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There is an inheritance that God has given to us that is vast, valuable and available to us now, says banker Timothy Wong at the N5 Conference 2022. Photo by Brittani Burns on Unsplash.

A priest, a lawyer and an accountant are gathered at the bedside of a man who is very ill.

The man says to the three: “Gentleman, I’m dying. Before I go, I want to ask you for one final favour. My family is rotten and I don’t want to give them any of my inheritance. So, I would like to be buried with the remainder of my money.”

Then, the man gives each of them an envelope containing $100,000.

“When I die and my coffin is being lowered into the earth, please throw the envelopes into the coffin, and don’t tell anyone what’s in it,” the man tells them.

A week later, the man dies.

We often think of inheritance as monetary and physical. But what does the Bible say?

At the funeral, as instructed, each of the men tosses his envelope into the coffin. When the funeral is over, they go to a café nearby to talk about the life of the man.

As they sit down for coffee, the priest says: “I have a confession to make. I took $10,000 from my envelope. But I used it to fix up the Children’s Home. And I know this man was very generous and he loved the children. So, I’m sure he wouldn’t mind.”

Sheepishly, the lawyer pipes in as well: “I also have a confession. I took $30,000. But that’s because the man owes me $30,000. So, it’s rightfully mine.”

Finally, the accountant looks shocked and says to them: “I can’t believe what you all did. I wrote a personal cheque for the $100,000 and I threw it in the envelope.”

“So much for inheritance,” said veteran banker and Regional Head of DBS Group Research Timothy Wong as he finished the joke.

Timothy Wong speaking on the second day of N5 Conference 2022.

He was speaking on the second day of the N5 Conference 22 on An Indestructible Inheritance.

The N5 Conference – named after Nehemiah 5 which deals with economics and personal finance – is in its second year. One of the largest kingdom-focused personal finance conferences of the year, this year’s N5 Conference saw delegates from four countries come together with Kingdom-minded business and ministry leaders to share their insights and experiences over 20 sessions.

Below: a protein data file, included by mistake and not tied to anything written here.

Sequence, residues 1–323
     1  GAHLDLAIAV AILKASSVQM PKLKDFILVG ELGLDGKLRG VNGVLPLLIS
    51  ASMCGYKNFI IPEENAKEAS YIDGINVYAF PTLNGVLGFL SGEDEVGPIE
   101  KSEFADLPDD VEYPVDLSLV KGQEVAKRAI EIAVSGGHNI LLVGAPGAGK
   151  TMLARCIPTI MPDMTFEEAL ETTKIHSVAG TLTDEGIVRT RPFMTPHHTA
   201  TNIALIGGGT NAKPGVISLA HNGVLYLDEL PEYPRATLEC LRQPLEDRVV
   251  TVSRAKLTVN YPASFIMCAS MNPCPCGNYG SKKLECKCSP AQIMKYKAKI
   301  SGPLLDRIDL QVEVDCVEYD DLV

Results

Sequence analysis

The theme was Arise and Build for Generations to Come.

We often think of inheritance as monetary and physical. But what does the Bible say about inheritance? Timothy mapped out a biblical perspective of inheritance.

The problem with physical inheritances

It is important to leave an inheritance to our children, said Timothy. Proverbs 13:22 talks about this importance.

“But the question I really feel the Holy Spirit is asking us today is, ‘What kind of inheritance are we going to give our children?’”

“No matter what you leave behind, it is always going to be less than what people think you are going to give them.”

Timothy shared that, in a survey, people were asked how much they expected to inherit. The average number given was $72,000. The actual inheritance was actually a smaller amount – $46,200.

“The lesson here is, no matter what you leave behind, it is always going to be less than what people think you are going to give them.”

More interestingly, another survey found that, on average, half of the inheritance ended up lost either through spending or bad investments.

There are three possible reasons for this. The first is a breakdown in trust and communication in the family. The second is that the heirs were inadequately prepared. A quarter of those surveyed cited this as the main problem.

Finally, there is a failure to establish a family mission statement on the use of wealth.

While these relate to large amounts of inheritance, it does point to worrying human behaviour with regard to money inherited, points out Timothy.